The church we attend, where my husband is the pastor, is having nightly revival services for a few days. Last night, the guest preacher gave a wonderful word concerning the good Samaritan. Most of us have heard this portion of scriptures numerous times, and often, we let familiarity cheat us from a divine lesson.
In Luke 10:25-37, a lawyer asked Jesus about what he could do to inherit eternal life. Jesus and the lawyer spoke for a moment, and the lawyer recited the two commandments that summed up the Mosaic Law. Expounding on the second one that states to love your neighbor as yourself, and, wishing to justify himself, the lawyer asked Jesus, “Who is my neighbor?”
Although we have not asked the same specific question, how many times do our own actions ask this question. Who are we supposed to love? To whom are we to show kindness? The same story Jesus told the lawyer applies to us today.
A man was traveling and overtaken by robbers. They beat him nearly to death and left him along the road. Both a priest and a Levite came by and kept going on their ways, leaving the man in his critical, physical condition. These men were both of religious persuasion. The priest atoned for the sins of the people before Jesus became the sacrificial lamb. The Levite, a member of the tribe of Levi, assisted priests in the temple with their duties. One would think that these two religious men would have been more than happy to help the injured, but we would be hasty in making that assumption. Sometimes it is the most unlikely candidate who demonstrates the love of God.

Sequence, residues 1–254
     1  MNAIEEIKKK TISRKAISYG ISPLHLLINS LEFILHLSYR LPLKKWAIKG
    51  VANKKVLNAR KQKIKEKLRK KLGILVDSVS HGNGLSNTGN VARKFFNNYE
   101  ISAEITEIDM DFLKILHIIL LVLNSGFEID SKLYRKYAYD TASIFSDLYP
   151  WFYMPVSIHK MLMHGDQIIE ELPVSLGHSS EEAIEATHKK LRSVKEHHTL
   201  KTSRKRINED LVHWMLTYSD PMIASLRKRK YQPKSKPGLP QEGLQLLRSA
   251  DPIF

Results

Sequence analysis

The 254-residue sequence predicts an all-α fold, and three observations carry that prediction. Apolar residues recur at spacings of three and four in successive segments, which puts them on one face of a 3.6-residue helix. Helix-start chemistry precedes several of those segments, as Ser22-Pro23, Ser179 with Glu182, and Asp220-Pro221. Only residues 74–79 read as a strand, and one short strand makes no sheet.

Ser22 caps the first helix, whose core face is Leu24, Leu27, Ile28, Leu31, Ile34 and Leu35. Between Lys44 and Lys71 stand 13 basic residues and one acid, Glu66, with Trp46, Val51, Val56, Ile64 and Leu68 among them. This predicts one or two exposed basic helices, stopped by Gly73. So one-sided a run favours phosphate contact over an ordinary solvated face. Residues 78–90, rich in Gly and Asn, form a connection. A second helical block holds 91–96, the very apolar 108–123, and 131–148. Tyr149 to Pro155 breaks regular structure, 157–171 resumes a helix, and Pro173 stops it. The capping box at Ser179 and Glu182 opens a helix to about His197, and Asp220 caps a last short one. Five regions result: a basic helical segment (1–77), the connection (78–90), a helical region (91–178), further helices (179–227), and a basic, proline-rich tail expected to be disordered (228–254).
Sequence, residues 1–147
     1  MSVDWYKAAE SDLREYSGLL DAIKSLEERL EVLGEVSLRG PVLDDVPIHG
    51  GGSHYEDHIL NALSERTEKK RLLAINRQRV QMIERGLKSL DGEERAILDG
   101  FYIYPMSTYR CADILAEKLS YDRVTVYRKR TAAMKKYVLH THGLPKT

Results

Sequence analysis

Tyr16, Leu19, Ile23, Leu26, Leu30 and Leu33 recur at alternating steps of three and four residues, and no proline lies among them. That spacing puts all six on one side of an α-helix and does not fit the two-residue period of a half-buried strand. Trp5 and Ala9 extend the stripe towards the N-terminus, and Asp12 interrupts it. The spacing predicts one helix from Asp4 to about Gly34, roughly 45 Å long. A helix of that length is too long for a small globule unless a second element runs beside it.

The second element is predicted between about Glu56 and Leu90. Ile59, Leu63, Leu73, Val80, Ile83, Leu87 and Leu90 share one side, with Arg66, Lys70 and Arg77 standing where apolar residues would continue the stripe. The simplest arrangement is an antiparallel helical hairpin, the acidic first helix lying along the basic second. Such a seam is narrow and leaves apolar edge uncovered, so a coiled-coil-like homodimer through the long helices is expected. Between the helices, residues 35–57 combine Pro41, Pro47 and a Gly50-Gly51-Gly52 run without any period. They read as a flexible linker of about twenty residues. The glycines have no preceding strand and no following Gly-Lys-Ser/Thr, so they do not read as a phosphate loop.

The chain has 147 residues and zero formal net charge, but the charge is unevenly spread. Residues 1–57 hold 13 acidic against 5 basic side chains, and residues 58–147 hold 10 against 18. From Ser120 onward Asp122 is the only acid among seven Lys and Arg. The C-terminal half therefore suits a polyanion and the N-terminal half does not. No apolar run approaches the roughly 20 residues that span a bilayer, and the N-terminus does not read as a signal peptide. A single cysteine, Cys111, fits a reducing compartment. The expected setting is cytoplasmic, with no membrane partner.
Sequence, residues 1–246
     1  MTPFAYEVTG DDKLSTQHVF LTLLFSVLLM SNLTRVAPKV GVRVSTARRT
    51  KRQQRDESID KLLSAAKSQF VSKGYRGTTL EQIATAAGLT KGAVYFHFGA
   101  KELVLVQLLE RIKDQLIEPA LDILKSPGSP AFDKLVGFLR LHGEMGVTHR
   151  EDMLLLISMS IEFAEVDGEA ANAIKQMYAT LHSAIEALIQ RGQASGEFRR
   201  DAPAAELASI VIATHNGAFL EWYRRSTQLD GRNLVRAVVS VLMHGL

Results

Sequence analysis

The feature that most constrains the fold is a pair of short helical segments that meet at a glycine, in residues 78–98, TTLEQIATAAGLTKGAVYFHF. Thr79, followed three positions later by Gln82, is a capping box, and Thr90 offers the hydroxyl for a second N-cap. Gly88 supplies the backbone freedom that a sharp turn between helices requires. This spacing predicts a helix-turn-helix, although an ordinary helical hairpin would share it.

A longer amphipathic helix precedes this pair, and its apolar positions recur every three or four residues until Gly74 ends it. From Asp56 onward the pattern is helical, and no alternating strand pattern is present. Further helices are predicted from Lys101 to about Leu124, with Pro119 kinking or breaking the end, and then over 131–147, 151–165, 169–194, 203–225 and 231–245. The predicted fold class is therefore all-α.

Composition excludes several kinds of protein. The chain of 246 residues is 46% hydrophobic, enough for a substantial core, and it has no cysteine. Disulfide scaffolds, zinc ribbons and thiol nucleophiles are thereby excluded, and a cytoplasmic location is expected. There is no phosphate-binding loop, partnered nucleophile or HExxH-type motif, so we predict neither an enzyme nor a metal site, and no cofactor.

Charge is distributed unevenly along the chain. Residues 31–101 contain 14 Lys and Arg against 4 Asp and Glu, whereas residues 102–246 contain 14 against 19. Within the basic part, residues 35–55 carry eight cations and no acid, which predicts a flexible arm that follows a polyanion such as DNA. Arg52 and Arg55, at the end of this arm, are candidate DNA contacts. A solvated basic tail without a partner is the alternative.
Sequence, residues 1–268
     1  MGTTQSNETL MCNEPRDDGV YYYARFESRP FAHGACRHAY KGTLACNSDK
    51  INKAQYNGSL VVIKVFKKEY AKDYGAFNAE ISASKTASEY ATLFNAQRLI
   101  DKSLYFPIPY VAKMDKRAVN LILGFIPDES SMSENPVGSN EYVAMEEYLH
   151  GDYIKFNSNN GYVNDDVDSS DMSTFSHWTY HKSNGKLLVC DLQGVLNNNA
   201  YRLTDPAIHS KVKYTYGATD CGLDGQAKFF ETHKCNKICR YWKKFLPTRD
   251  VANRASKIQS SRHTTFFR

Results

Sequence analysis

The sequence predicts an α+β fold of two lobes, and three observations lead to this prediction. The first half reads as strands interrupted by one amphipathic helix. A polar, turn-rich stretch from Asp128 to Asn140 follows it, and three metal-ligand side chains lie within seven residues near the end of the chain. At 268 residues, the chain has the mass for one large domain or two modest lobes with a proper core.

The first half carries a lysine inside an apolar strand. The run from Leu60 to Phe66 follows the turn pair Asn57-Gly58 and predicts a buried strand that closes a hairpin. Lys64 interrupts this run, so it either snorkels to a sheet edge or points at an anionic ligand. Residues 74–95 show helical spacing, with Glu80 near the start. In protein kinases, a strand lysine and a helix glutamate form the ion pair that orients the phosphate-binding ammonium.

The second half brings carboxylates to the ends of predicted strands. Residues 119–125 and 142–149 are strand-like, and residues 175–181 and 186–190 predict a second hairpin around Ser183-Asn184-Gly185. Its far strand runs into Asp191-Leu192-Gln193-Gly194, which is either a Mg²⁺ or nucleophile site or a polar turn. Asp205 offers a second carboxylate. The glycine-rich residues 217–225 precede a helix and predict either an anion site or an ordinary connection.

A Samaritan came along the path of the injured man. He took care of the man and found him a place to stay. He even paid for the injured man to be cared for while he went away. The Jews of that time-period considered the Samaritans to be unworthy of their time and attention. We shake our heads in disgust at the priest and Levite, but how often do we overlook the homeless person on the street? Or how often do we turn a blind eye to the prostitute, drug addict, or someone with whom our own personality clashes?
Part of every-day life in Christ is loving the unlovely, and that means demonstrating love when we do not feel love. Biblical love is a choice. The loving emotions will come later. While we can not take care of every person in need, why don’t we take care of the ones God puts in our paths? Being sensitive to the Holy Spirit and obeying His voice will lead us to the ones who are meant to help.
Am I perfect at this concept? Heavens, no! I have failed many times at this because I often get caught up in my own work and ministry that I forget I need to step outside of the box and truly live as Christ did. I am learning, and I hope you are too.